200 match(es) found in quotations


Quotations
Oliver Goldsmith :
I love everything that's old: old friends, old times, old manners, old books, old wines; and, I believe, Dorothy, you'll own I have been pretty fond of an old wife.
[Oliver Goldsmith (1728-1774), Anglo-Irish author, poet, playwright. Hardcastle, in She Stoops to Conquer, act 1, sc. 1 (1773).]
Read more quotations about / on: believe, love
Oliver Goldsmith :
I love everything that's old: old friends, old times, old manners, old books, old wines; and, I believe, Dorothy, you'll own I have been pretty fond of an old wife.
[Oliver Goldsmith (1728-1774), Anglo-Irish author, poet, playwright. Hardcastle, in She Stoops to Conquer, act. 1, sc. 1.]
Read more quotations about / on: believe, love
Samuel Johnson :
If I had no duties, and no reference to futurity, I would spend my life in driving briskly in a post-chaise with a pretty woman.
[Samuel Johnson (1709-1784), British author, lexicographer. quoted in James Boswell, Life of Samuel Johnson, Sept. 19, 1777 (1791).]
Read more quotations about / on: woman, life
Gertrude Stein :
Human beings are interested in two things. They are interested in the reality and interested in telling about it.
[Gertrude Stein (1874-1946), U.S. author and patron of the arts; relocated to France. As quoted in What Are Masterpieces, afterword, by Robert Haas (1970). Said in a January 1946 interview with Haas.]
Francis Thompson :
O world invisible, we view thee, O world intangible, we touch thee, O world unknowable, we know thee, Inapprehensible, we clutch thee!
[Francis Thompson (1859-1907), British poet. Athenaeum (London, Aug. 8, 1909). "The Kingdom of God (In No Strange Land)," st. 1, Collected Works of Francis Thompson, vol. 2, ed. Wilfred Meynell (1913). Opening lines.]
Read more quotations about / on: world
Robert Louis Stevenson :
Well, well, Henry James is pretty good, though he is of the nineteenth century, and that glaringly.
[Robert Louis Stevenson (1850-1894), Scottish novelist, essayist, poet. Letter, March 1889, to Henry James. The Letters of Robert Louis Stevenson, vol. 2 (1899).]
Ambrose Bierce :
Heaven lies about us in our infancy ... and the world begins lying about us pretty soon afterward.
[Ambrose Bierce (1842-1914), U.S. author. The Devil's Dictionary (1881-1906). A cynical comment on Wordsworth's famous line on "childhood."]
Read more quotations about / on: heaven, world
Henry David Thoreau :
Look not to legislatures and churches for your guidance, nor to any soulless incorporated bodies, but to inspirited or inspired ones.
[Henry David Thoreau (1817-1862), U.S. philosopher, author, naturalist. "The Last Days of John Brown" (1860), in The Writings of Henry David Thoreau, vol. 4, p. 446, Houghton Mifflin (1906).]
Anthony Cavuoti :
What if your awareness was more sensitive and your brain development reflected this. As well as your entire way of perceiving and reacting to the world. What if you were first born a chrysalis instead of a inchworm. In a state of evolution where most are inch worms in very very few become butterflies. In the culture of the inchworm you would appear to be quite insufficient. The demands of your environment will force you to come out of your chrysalis. In many ways you would still be an inchworm but you will still have unformed appendages that are the precursors to being a butterfly which would simply be a hindrance in your struggle to adapt and compete and being an inchworm. Intuitively you know that parts of you will be lost if you succeed and by your very success you would have failed so how do you adopt to and be part of the transformation which you inherently are. How do you potentiate yourself in a environment that sees your strengths as a deficiency or some sort of character fault. Hence the struggles and the Paradox of being dyslexic. I wish to provide a dynamic Matrix of a chrysalis in our culture so dyslexics could flourish. Many wise people will appreciate the dyslexic, they will see their unique attributes, orientation and perceptions as part of a greater phenomenon that enriches are human conditions in ways that cannot be predicted. At present our survival depends on embracing diversity so we could change our destructive course while maintaining our vital functions. This hyperbole does speak to the heart of the matter for it shows the almost disparaging task dyslexic face in fulfilling their potentials and in being true to themselves. For they have many diverse and wide intellectual and creative powers but the established system that systematically weeds them out, and this happens in such an matter of fact and overwhelming way whereby they believe that they are failures. I could honestly speak to how untrue this is. opyright © 2016 Anthony Cavuoti All Rights Reserved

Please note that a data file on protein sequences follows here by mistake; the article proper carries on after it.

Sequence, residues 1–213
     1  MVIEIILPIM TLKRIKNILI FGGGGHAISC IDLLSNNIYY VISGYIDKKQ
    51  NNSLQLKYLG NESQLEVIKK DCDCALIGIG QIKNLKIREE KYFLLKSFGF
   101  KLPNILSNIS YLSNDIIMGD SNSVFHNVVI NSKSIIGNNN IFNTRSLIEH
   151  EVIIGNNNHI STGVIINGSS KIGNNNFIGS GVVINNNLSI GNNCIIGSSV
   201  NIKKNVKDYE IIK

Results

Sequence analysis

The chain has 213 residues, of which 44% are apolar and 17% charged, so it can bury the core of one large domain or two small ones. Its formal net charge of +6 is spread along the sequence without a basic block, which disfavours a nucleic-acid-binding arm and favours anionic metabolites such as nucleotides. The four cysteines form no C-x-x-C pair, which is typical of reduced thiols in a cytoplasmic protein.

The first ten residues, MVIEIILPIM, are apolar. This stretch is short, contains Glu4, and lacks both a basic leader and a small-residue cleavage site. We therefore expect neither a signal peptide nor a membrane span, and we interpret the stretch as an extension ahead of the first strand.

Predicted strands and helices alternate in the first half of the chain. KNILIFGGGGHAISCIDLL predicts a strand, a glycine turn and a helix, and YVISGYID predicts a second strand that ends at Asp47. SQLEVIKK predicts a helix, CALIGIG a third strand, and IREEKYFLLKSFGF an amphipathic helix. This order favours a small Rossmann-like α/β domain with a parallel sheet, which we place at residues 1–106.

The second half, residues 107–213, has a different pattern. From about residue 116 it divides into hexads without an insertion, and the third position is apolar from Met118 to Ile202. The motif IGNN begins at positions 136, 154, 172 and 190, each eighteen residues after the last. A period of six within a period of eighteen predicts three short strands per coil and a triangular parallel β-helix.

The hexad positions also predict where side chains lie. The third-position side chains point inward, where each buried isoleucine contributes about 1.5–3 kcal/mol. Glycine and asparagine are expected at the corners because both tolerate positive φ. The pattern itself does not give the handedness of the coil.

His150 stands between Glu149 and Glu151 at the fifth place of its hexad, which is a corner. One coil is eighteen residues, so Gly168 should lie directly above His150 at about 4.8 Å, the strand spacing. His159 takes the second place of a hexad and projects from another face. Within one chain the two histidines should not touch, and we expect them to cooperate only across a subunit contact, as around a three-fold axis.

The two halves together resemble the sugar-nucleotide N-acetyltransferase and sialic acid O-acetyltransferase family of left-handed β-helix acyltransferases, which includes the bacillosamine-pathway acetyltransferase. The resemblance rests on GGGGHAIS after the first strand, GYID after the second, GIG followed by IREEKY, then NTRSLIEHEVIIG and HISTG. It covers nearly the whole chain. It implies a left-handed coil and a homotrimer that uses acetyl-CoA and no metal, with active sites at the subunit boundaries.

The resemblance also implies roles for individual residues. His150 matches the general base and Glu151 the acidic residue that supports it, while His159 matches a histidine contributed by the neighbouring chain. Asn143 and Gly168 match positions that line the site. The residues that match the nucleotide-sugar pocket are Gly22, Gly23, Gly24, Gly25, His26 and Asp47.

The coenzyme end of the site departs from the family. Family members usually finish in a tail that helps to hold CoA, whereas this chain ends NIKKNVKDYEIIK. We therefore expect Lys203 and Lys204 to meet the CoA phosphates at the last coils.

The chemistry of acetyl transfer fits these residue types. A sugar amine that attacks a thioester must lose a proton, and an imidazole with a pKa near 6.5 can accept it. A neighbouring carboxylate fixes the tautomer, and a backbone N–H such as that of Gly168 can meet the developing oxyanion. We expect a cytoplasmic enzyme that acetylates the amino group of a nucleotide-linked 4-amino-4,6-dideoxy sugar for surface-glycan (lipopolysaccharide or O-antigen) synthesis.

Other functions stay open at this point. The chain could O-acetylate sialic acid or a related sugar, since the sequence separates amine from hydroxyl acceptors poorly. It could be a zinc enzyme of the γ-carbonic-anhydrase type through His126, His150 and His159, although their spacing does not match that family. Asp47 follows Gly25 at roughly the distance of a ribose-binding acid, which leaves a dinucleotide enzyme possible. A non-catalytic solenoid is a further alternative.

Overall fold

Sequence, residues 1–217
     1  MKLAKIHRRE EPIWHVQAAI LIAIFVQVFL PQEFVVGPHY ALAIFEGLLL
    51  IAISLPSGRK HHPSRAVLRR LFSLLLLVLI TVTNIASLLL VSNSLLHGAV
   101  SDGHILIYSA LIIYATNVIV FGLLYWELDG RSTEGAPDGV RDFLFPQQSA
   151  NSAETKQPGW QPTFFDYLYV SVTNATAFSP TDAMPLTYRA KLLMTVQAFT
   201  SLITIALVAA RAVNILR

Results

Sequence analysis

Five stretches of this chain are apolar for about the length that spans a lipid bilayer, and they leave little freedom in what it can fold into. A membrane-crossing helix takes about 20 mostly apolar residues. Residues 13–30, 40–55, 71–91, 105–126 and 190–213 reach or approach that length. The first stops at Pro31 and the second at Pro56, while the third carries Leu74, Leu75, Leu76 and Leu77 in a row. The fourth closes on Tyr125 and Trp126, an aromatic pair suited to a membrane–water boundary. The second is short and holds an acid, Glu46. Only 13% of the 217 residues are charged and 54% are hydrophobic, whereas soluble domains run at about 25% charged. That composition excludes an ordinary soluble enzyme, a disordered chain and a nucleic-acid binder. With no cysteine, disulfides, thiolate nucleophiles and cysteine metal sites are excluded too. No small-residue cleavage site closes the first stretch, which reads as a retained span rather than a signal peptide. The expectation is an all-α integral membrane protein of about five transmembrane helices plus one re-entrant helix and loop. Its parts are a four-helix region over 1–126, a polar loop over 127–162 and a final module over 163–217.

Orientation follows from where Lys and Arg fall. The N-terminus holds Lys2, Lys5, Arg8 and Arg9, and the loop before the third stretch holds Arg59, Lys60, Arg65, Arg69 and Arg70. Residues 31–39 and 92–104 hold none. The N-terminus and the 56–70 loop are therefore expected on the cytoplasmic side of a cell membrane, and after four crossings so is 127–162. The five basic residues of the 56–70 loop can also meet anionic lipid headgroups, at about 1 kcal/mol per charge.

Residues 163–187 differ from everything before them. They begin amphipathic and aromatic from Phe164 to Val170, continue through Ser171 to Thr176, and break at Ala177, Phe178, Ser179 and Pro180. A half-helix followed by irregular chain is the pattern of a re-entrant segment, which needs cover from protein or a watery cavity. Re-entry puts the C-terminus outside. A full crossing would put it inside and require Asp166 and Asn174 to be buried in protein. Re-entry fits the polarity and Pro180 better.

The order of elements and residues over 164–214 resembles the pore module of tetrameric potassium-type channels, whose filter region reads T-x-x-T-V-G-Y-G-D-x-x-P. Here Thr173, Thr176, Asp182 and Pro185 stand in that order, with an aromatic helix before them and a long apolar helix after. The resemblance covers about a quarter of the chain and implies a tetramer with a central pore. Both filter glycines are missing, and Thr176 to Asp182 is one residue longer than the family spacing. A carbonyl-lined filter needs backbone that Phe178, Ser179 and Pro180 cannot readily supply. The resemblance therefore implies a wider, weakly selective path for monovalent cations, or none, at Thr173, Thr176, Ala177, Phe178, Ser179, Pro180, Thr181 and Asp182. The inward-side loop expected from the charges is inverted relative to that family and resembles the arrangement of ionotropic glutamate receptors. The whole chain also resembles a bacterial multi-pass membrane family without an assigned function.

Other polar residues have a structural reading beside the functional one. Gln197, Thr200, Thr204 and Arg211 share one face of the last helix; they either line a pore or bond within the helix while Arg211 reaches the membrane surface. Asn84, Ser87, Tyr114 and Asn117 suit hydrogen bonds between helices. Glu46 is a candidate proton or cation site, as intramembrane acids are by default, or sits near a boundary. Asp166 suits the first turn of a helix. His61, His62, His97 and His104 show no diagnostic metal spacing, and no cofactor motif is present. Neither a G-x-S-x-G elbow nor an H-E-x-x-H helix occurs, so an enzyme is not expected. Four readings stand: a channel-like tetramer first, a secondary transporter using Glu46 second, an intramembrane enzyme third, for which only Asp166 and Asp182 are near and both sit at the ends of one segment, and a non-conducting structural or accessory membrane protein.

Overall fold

[My answer to what it's like to be dyslexic]
Henry David Thoreau :
In him the animal man chiefly was developed. In physical endurance and contentment he was cousin to the pine and the rock.... But the intellectual and what is called spiritual man in him were slumbering as in an infant. He had been instructed only in that innocent and ineffectual way in which the Catholic priests teach the aborigines, by which the pupil is never educated to the degree of consciousness, but only to the degree of trust and reverence, and a child is not made a man, but kept a child.
[Henry David Thoreau (1817-1862), U.S. philosopher, author, naturalist. Walden (1854), in The Writings of Henry David Thoreau, vol. 2, pp. 162-163, Houghton Mifflin (1906).]
Read more quotations about / on: child, animal, trust
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